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Nonprofit hospitals are faring better, but ‘not out of the woods’


Even with signs of improvement, health systems still face headwinds. Suzie Desai of S&P Global Ratings provided an overview for hospital executives.

Seattle - Nonprofit hospitals may be seeing a little less difficulty financially than they did a year ago, but they continue to face formidable headwinds.

Suzie Desai of S&P Global Ratings outlined some of the challenges for nonprofit hospitals at the American Hospital Association Leadership Summit. (Photo: Ron Southwick)

Suzie Desai of S&P Global Ratings outlined some of the challenges for nonprofit hospitals at the American Hospital Association Leadership Summit. (Photo: Ron Southwick)

Suzie Desai, senior director and sector lead of the U.S. nonprofit healthcare group of S&P Global Ratings, says there are still signs of trouble as she outlined the financial landscape during the American Hospital Association Leadership Summit this week.

“We’re not out of the woods,” Desai said.

But she said the pace of the recovery of the hospital sector remains an open question.

For most hospitals, 2022 was the worst financial year of the pandemic, according to Kaufman Hall, a healthcare consulting firm. About half of America’s hospitals ended the year with negative operating margins.

Last year, S&P Global Ratings assigned a negative outlook for the nonprofit hospital sector. The firm is in the midst of analyzing data for 2023, but she told the audience that it’s possible that the nonprofit hospital sector will continue to have a negative outlook for investors this year.

So far in 2023, S&P has given ratings downgrades to 21 hospitals, while eight hospitals have received upgrades. Desai noted that some hospitals received changes in ratings due to mergers and acquistions, and she also said S&P placed a priority on examining hospitals that have been having more difficulties.

Health systems continue to wrestle with labor challenges, Desai says. It is encouraging that nonprofit hospitals are relying a bit less on temporary staffing agencies to fill openings for nursing jobs and other roles, noting that both usage and pay rates have dropped. However, hospitals continue to turn to staffing agencies “more than they did in the past,” Desai said.

She also notes that turnover remains “stubbornly high.”

Unions have also been more aggressive in demands for better compensation for their workers, and those contract talks could result in higher expenses for hospitals.

Hospitals also continue to deal with higher costs for supplies, and some analysts have noted that the rise in prices for some goods has been a headache on par with labor expenses.

Payer reimbursement rates continue to lag, which has proven to be another drag on hospital finances, Desai said.

On the upside, health systems have fared better with their investment portfolios in 2023, which has been a stabilizing factor. She also noted that hospital volumes have rebounded. Many patients deferred treatment during the worst of the pandemic, health system officials say, but industry analysts say more people are seeking care.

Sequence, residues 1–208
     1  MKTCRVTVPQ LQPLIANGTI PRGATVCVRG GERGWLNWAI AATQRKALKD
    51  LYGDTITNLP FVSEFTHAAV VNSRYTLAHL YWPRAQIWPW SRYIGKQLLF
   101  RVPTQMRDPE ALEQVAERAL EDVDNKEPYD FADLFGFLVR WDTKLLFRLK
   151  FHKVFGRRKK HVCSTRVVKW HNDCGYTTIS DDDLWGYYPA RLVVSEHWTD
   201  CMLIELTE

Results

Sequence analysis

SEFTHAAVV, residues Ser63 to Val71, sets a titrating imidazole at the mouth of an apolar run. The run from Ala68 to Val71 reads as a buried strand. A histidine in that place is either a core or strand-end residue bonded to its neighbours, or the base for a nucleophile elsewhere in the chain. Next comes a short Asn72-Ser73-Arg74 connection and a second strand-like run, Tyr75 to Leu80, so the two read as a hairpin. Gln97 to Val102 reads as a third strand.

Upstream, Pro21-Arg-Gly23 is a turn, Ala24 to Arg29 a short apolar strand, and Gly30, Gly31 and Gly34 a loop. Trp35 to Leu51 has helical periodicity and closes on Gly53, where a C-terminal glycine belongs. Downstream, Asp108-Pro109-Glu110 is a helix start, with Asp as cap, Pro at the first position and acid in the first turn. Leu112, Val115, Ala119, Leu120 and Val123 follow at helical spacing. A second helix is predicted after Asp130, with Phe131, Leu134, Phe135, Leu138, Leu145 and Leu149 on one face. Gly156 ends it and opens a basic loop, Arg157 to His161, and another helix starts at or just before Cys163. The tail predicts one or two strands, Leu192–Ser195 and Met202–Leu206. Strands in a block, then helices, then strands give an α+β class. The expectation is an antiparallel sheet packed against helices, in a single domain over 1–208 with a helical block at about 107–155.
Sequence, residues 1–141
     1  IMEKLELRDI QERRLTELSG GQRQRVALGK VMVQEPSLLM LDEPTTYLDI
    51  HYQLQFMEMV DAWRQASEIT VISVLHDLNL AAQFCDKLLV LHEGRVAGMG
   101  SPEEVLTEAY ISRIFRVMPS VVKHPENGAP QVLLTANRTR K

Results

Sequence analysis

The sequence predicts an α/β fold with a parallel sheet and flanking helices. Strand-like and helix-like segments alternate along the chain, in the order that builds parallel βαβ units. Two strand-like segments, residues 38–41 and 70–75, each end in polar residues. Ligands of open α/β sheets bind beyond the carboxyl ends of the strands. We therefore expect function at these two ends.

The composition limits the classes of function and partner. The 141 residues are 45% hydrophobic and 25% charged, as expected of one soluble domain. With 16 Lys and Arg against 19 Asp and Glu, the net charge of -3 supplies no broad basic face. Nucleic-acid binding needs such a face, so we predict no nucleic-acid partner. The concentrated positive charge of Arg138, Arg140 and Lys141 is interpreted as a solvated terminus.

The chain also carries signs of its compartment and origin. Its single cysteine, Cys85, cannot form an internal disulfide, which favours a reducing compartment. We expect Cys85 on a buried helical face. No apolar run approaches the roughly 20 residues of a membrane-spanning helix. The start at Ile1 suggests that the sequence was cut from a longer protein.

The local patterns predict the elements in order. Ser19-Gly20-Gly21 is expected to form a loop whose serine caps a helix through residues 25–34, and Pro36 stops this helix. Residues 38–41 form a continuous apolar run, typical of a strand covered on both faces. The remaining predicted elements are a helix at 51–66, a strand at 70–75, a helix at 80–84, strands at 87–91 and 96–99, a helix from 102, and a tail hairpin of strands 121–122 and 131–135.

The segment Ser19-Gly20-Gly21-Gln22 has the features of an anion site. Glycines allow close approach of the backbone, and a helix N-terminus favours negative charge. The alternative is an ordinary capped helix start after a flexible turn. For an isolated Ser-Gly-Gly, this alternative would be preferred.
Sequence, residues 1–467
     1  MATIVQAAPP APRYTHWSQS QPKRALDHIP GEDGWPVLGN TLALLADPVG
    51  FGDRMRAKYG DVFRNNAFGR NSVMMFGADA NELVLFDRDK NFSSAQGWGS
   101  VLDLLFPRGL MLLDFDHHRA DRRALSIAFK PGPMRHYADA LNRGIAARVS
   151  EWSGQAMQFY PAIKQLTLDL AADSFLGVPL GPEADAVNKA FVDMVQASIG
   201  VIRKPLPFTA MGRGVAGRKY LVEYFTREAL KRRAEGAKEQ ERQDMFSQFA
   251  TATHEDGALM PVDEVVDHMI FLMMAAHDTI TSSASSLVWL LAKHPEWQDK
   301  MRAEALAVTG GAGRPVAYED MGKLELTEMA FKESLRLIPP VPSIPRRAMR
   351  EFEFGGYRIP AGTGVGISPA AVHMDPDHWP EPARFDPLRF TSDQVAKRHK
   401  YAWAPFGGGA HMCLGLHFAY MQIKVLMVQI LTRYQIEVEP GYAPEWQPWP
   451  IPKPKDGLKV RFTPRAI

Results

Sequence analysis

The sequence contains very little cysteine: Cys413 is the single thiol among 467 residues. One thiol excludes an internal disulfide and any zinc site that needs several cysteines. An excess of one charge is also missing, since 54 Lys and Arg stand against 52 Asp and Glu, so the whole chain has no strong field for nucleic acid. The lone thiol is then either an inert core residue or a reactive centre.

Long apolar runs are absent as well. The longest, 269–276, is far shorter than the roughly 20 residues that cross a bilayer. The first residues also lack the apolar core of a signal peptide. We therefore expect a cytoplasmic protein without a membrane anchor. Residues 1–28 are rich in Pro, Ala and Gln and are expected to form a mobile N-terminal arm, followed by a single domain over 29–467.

“We're generally seeing good volumes,” Desai said.

Still, hospital volume takes on increasing importance as hospitals wrestle with higher labor costs and inflation. With health systems facing higher expenses, their operating margins are increasingly dependent on treating a higher volume of patients.

Revenues have not rebounded to keep pace with expenses. Desai noted that S&P places a high value on how much cash on hand hospitals are maintaining.

In looking at other risks, Desai notes that cybersecurity attacks, while not threatening all health systems, can be costly to health systems. Hospitals are also seeing higher insurances costs for cybersecurity as well, she said.

Cybersecurity experts say they’ve seen an uptick in data breaches and ransomware attacks in recent months. This month, HCA Healthcare reported a cyberattack that could have affected as many as 11 million patients.

Some hospitals continue to house patents longer than they would like, partly because nursing homes and other post-acute care facilities aren’t able to take them due to their own staffing woes. The “length of stay” continues to be an issue for some hospitals, Desai said.

More hospital mergers have been taking place in recent months, which is another trend worth watching, she said. This year, Kaiser Permanente announced its plans to acquire Geisinger Health, and she also pointed the merger discussions of UnityPoint Health and Presbyterian Healthcare Services.

“This area does seem a little more active than after the last year and a half,” Desai said.

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